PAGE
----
Chapter 17. Server-Side Java: Sockets


Sockets form the underpinnings of almost all networking protocols. JDBC, RMI, CORBA, EJB, and the non-Java RPC (Remote Procedure Call) and NFS (Network File System) are all implemented by connecting various types of sockets together. Socket connections can be implemented in many languages, not just Java: C, C++, Perl, and Python are also popular, and many others are possible. A client or server written in any one of these languages can communicate with its opposite written in any of the other languages. Therefore, it’s worth taking a quick look at how the ServerSocket behaves, even if you wind up utilizing the higher-level services such as RMI, JDBC, CORBA, or EJB.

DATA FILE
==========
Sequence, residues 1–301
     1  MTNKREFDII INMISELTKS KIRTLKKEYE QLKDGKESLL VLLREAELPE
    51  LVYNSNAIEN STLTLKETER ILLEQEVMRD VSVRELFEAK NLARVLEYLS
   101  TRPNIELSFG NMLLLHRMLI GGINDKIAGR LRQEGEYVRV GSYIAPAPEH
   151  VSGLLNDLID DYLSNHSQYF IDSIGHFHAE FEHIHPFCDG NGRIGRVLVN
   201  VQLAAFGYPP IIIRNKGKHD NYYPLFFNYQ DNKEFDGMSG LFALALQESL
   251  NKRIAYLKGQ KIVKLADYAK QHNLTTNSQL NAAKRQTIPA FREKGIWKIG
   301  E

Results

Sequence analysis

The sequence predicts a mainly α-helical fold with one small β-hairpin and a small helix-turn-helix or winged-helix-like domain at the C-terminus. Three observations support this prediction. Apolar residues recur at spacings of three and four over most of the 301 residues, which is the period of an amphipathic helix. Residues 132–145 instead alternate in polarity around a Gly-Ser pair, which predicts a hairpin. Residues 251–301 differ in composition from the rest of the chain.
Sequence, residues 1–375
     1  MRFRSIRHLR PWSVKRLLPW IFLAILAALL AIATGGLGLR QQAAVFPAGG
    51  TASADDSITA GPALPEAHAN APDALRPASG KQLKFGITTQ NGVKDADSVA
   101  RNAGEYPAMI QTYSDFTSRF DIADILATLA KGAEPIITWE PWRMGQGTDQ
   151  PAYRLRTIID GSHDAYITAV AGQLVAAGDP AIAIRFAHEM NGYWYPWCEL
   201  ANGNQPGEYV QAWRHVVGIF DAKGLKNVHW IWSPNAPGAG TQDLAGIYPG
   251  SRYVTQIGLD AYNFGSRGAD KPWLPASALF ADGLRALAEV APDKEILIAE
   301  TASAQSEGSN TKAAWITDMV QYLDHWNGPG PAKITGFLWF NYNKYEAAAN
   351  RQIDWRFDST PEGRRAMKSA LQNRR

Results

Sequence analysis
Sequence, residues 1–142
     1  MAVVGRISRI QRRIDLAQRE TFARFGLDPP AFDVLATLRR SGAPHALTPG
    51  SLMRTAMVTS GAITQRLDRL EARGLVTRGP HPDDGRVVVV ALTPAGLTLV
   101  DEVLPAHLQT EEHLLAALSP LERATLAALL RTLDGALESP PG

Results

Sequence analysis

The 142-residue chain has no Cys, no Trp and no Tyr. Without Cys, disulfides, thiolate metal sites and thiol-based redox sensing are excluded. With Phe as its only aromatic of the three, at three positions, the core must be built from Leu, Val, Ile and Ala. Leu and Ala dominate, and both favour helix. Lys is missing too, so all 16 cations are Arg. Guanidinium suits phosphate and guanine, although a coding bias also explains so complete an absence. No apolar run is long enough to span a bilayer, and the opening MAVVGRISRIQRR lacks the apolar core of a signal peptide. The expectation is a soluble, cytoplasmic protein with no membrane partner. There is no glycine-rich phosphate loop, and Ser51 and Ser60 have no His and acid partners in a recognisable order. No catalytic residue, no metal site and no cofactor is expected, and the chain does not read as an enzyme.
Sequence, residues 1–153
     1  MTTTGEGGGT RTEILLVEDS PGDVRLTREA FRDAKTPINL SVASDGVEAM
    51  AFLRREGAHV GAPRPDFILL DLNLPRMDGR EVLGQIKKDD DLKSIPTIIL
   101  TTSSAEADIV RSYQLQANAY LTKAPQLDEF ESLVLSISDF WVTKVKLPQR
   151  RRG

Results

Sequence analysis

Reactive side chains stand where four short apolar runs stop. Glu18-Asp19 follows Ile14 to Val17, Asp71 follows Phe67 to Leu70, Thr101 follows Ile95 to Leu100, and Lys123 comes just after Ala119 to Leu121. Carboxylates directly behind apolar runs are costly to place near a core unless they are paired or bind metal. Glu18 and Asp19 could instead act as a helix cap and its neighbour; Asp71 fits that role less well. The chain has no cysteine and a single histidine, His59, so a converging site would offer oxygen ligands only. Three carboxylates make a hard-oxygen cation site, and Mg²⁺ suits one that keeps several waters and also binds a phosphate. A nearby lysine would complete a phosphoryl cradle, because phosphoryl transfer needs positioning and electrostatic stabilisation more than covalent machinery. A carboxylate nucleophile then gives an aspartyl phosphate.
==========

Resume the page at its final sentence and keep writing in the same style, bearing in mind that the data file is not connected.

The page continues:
The discussion looks first at the ServerSocket itself, then at writing data over a socket in various ways. Finally, we show a complete implementation of a usable network server written in Java: the chat server from the client in the previous chapter.

17.1. Opening a Server for Business


You need to write a socket-based server.


Create a ServerSocket for the given port number.


The ServerSocket represents the “other end” of a connection, the server that waits patiently for clients to come along and connect to it. You construct a ServerSocket with just the port number.[1] Since it doesn’t need to connect to another host, it doesn’t need a particular host’s address as the client socket constructor does.

Assuming the ServerSocket constructor doesn’t throw ...

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